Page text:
There’s already a record number of women running for House seats and governorships in 2018 — and women Senate candidates are on track to break records as well.
On the first big night of the 2018 primaries this week, those women fared particularly well.
Women made up 19.2 percent of House candidates on primary ballots in Indiana, Ohio, North Carolina, and West Virginia on Tuesday, according to a new analysis by the Rutgers Center on American Women and Politics that focuses on House nominees. And with the votes tallied, women will make up 33 percent of all general election House candidates in those states — a sign that women punched above their weight in the May 8 primaries.
Altogether, there will be 27 major-party women nominated for the House from these four states, and 8 of those are black women.
“I think that you can make a conclusion from these states that we should now be alert to in future states,” said Kelly Dittmar, who wrote CAWP’s analysis. “If women succeed as non-incumbents at this level in other states, it will continue what I think is one takeaway from [Tuesday], which is that to some degree women are leading the resistance, if you will, against Republican incumbents.”
Dittmar is getting at one important dynamic underlying the “wave of women” who are running for office this year: Democratic women are driving it far more than Republican women. Right now, around three-quarters of women House candidates still in the running are Democrats, according to CAWP, along with around 60 percent of women Senate candidates.
And that partisan imbalance held up in this week’s contests.
Of the 27 women winners in Tuesday’s House primaries, 22 were Democrats, and 5 were Republicans. Or, put another way: In the general election, women will account for 55 percent of Democratic House nominees from these states, but only around 12 percent of Republican nominees.
That said, neither of the two women competing for Senate nods in Ohio and West Virginia won their primaries.
A solid win rate for women, plus a very high candidacy rate
Two-thirds of Democratic women won their primaries Tuesday night, compared to 22 percent of GOP women.
Especially among Democrats, that win rate was high, but it wasn’t off the charts. It’s only slightly higher than the 62 percent win rate for Dems in 2012.
But then, combine a relatively high win rate with women simply running in more districts, and it means more women on the ballot in November.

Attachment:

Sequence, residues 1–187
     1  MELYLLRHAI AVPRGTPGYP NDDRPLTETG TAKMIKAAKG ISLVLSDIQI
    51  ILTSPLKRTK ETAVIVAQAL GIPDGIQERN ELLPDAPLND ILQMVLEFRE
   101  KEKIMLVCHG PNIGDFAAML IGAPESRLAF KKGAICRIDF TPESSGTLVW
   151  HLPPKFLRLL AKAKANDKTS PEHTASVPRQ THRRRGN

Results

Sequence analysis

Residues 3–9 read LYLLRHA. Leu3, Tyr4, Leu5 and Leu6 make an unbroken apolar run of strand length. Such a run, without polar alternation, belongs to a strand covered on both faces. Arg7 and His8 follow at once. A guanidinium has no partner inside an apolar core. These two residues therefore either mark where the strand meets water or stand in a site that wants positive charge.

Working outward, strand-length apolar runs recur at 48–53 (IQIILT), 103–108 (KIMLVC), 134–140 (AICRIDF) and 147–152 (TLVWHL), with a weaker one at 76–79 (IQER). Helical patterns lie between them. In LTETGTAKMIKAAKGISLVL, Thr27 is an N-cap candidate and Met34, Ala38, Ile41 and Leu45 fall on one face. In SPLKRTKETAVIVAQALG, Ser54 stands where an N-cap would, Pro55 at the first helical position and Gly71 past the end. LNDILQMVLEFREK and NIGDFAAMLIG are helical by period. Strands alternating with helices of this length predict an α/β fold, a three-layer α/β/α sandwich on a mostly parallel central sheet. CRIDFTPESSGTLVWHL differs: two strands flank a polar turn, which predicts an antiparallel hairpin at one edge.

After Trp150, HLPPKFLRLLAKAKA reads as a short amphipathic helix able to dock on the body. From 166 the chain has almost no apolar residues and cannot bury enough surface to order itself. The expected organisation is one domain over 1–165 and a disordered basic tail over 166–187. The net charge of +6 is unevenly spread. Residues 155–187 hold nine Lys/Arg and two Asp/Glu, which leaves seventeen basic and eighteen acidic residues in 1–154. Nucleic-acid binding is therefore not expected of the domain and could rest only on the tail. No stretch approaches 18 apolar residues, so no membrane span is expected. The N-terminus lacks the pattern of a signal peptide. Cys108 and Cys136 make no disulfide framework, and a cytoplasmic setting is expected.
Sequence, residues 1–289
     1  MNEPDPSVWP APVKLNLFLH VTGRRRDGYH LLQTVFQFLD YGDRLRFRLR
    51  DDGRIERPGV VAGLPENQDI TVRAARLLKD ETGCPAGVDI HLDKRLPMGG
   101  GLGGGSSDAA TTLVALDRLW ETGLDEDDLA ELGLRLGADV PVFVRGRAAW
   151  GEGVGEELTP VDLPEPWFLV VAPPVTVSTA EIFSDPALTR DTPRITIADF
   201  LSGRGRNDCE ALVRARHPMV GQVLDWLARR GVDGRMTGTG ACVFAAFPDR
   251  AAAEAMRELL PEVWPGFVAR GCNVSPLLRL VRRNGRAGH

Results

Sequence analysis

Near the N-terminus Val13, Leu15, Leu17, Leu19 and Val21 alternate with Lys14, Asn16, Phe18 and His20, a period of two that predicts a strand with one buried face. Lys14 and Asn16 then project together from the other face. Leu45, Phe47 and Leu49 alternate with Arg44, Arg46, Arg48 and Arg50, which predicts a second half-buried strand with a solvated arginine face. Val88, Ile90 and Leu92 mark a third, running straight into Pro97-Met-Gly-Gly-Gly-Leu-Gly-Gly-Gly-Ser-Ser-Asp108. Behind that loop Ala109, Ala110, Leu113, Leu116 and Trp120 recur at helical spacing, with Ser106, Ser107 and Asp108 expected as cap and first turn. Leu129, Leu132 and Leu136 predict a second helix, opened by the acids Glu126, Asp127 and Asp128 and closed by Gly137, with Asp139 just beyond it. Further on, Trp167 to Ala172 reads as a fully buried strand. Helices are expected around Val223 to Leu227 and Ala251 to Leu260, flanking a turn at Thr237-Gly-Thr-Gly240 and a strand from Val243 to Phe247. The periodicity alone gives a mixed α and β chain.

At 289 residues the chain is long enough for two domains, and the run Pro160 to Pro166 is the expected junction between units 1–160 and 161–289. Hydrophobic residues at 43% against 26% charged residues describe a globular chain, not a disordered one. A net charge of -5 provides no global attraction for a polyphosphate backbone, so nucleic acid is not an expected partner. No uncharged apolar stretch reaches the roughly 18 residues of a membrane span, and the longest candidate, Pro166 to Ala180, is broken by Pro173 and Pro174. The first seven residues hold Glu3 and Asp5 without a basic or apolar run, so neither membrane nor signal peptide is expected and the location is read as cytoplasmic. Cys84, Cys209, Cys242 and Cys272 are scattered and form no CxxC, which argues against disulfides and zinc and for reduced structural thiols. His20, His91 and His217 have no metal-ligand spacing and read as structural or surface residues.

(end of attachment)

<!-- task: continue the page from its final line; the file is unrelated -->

Altogether, these states will have 20 non-incumbent women House candidates on their general election ballots. So more women equals more chances for women to get into Congress — where only 1 in 5 members now are women, by the way.
One big question for 2018: Do women have an advantage?
It’s hard to say in any particular case that a person’s gender helped them. As one Texas House candidate explained to NPR in March, she suspected gender played a role in her primary success, but she also was confident it wasn’t the whole story.
But there are a lot of reasons to think that women, generally speaking, have a leg up this year, especially among Democrats. Pollsters say that women communicate change — and with a Republican Congress, many Democrats want change. Health care is also a big issue among voters this year and voters tend to give women — Democratic women in particular — relatively high credibility on the issue of health care.
On top of this, polling has shown that Democrats, far more than Republicans, think the country would be better off by electing more women.
All of that said, many of the women who won on Tuesday will have a steep uphill climb in November.
Of those 20 non-incumbent women who won primaries last night, only 2 are in races that are in the toss-up or leaning category, according to Cook Political Report. The rest are Democratic women in likely or solid Republican districts, or Republican women in likely or solid Democratic districts.
However, that phenomenon isn’t restricted to women. While there has been a surge in women’s candidacies this year, there has likewise been a surge among men, especially among Democrats. Plenty of those men are likewise running in tough races this November.
And one more caveat: While some of these races look tough to win now, race ratings (those “toss-up” or “leaning-Republican” labels) change often, so it’s possible that for some of these candidates, the outlook could be sunnier — or even bleaker — come Election Day.